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Before They're Gone: A Family's Year-Long Quest to Explore America's Most Endangered National Parks Hardcover – April 3, 2012
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“An informative, heartwarming and, at times, heart-stopping read.”—Colleen McBrinn, Today’s Travel blog
“The season’s must-read new memoir.”—Outside’s Raising Rippers blog
“A beautifully written, moving meditation.”—Richard Louv, author of The Nature Principle
"Before They're Gone is a beautifully written, moving meditation on the meaning of parenthood, our parks, and the first generation of children to grow up in the age of global warming."—Richard Louv, author of The Nature Principle and Last Child in the Woods
“Intriguing premise; decent execution—certainly of interest to environmentalists and other eco-minded readers.”—Kirkus Review
“Michael Lanza braids a story of family, wilderness, and climate that's at once heartwarming and terrifying. I envy his kids for the incredible year they spent exploring America's finest wild places. And I mourn that they—and my own daughter—will have to endure the devastating consequences of our heating planet. Lanza makes abundantly clear that our children deserve better than the legacy we’re leaving them.”—John Harlin, author of The Eiger Obsession: Facing the Mountain that Killed My Father
“I grew up in a national park, worked in twelve others and have visited well over two hundred of them. Their values, for people like me, often are taken for granted. In this wonderful book, Michael Lanza’s children learn and experience what is most important about our national parks – the necessity to leave them ‘unimpaired for future generations’ – and why.”—Bill Wade, Chair, Executive Council, Coalition of National Park Service Retirees and former superintendent of Shenandoah National Park
“Delightful … a fresh and engaging way to tell the climate change story.”—Laura Helmuth, senior science editor, Smithsonian
“Wilderness adventurers like Lanza are the advance scouts of global warming, bringing back firsthand testimony from pristine landscapes that powerfully corroborates what climate scientists are telling us about our changing planet. But this eyewitness report is much more than an impassioned polemic: it’s also an entertaining collection of backcountry anecdotes—surprise encounters with grizzlies, anxious moments on glaciers and wild coastlines, jaw-dropping views from remote summits—that bring climate change to life in a way that’s more palpable and persuasive than any data chart. Above all, Before They’re Gone is a fetching love letter to Mike’s wife, children, and friends and to the wild places he treasures as only a hiker, climber, and explorer can.”—Jonathan Dorn, editor in chief, Backpacker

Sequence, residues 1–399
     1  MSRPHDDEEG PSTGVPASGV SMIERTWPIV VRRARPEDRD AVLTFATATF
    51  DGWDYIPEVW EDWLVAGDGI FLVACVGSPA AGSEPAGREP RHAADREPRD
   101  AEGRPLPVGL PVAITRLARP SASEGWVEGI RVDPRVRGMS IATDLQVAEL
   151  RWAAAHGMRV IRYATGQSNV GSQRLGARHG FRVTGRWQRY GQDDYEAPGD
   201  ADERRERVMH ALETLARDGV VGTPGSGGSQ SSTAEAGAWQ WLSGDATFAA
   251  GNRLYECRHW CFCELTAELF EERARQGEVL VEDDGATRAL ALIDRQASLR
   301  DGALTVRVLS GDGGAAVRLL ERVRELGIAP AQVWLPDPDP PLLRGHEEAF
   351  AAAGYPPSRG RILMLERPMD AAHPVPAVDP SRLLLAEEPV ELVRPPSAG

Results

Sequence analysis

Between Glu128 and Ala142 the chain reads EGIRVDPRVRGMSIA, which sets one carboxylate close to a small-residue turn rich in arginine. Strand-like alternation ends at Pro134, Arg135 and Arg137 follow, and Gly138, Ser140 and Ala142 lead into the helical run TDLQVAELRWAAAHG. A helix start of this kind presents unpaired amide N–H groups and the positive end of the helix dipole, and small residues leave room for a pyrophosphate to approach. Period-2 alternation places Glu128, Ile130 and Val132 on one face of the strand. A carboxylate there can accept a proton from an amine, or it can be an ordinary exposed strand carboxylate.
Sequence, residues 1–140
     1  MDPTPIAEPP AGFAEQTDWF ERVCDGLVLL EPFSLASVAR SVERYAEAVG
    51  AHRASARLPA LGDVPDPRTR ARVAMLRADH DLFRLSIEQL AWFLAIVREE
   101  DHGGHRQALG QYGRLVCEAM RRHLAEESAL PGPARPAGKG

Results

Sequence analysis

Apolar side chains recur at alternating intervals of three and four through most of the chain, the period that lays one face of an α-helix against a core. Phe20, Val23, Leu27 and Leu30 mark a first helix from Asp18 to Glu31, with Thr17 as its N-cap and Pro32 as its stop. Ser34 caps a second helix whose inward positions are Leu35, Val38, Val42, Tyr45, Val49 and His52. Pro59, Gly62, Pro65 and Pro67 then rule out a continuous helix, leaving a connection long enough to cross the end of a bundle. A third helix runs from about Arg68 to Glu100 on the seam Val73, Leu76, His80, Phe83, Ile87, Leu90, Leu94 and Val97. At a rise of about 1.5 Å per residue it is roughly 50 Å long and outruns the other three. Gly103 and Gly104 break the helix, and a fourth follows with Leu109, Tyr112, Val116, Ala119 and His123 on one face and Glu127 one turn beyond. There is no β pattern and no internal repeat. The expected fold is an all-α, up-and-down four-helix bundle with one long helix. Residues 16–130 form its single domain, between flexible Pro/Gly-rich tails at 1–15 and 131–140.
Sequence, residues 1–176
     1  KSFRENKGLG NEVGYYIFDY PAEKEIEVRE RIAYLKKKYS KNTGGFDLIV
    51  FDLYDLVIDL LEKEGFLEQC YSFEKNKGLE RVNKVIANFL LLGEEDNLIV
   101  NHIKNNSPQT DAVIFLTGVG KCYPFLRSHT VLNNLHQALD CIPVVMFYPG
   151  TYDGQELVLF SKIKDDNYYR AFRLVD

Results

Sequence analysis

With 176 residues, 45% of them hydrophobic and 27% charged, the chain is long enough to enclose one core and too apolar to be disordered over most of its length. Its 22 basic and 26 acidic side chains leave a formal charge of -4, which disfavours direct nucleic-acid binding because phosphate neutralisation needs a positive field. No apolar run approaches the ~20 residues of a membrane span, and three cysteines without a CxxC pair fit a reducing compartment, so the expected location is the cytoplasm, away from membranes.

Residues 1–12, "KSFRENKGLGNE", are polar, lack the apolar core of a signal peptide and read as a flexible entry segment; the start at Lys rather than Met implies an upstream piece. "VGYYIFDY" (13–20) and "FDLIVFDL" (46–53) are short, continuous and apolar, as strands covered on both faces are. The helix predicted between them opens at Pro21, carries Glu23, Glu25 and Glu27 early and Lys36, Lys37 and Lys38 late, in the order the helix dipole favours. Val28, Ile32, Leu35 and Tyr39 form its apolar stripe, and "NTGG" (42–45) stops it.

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Top Customer Reviews
One of my favorite lines: "Powerful landscapes like the Tetons will manhandle your psyche; they can make you wonder what the hell you've been doing all these years, for which you won't have a satisfying answer." (This exact scenario happened to me and my husband during a vacation to Zion, after which we quit our high-paying jobs, bought an RV, and moved to the Grand Canyon. In the five years since, we've worked and lived in five National Parks - each an experience beyond belief.) If YOU haven't felt the emotion Lanza describes in that quote, I say: "Get thee to a National Park." Quick!
And that's the jist of this book... The parts of this country that were so unique we decided to make them National Parks and protect them for posterity are being dramatically changed by global warming. Everything IS connected and Lanza does a great job of laying out the parade of cause and effect that will make our country's most special treasures un-recognizable in just a few decades.
This is a book with an important message, but there are plenty of personal anecdotes and fun thrown in too. I recommend it to anyone and everyone -- you'll enjoy the ride and learn a lot as you go.
But I think your book espouses a great deal of hope as well in getting your kids out there. My kids are 10 and 7, and i too try to get them out as often as possible. Over the last year, my oldest has asked how climate change is impacting national parks we visit. This winter we went to Death Valley and she asked the ranger about such change when we were in Badwater. He said to look at the "lowest point" sign, and of course the elevation below sea level is changing. There are many other changes too, but I think people just say Badwater has a fixed elevation, or even Everest, but it's not.
Maybe that doesn't sound hopeful, but I think by taking my kids to national parks that they see beautiful things, learn of the pending threats, and determine to preserve them. Hopefully they believe they can stem the tide, and maybe it's going to just take another generation to get there.
Thanks again for writing such a great book, I really enjoyed it!
Most Recent Customer Reviews
I've enjoyed my own uplifting experiences at many of these same national parks. Change is coming as it always does and how we deal with that change speaks volumes. Read morePublished on November 15, 2013 by Phil Lyon
Little more than endlessly regurgitating climate change statistics. I get it already. Not a book on how to hike with childrenPublished on May 10, 2013 by T. Brown
I enjoy travel literature. Just by reading the introduction, I emailed my daughter and told her to read this book. Read morePublished on April 3, 2013 by Sylvia E. Davis
I purchased the book to read about the national parks, many of which I've been to myself. What I got was a repeated theme... 1. Beautiful park, 2. My kids are with me, 3. Read morePublished on March 14, 2013 by Texas Philomath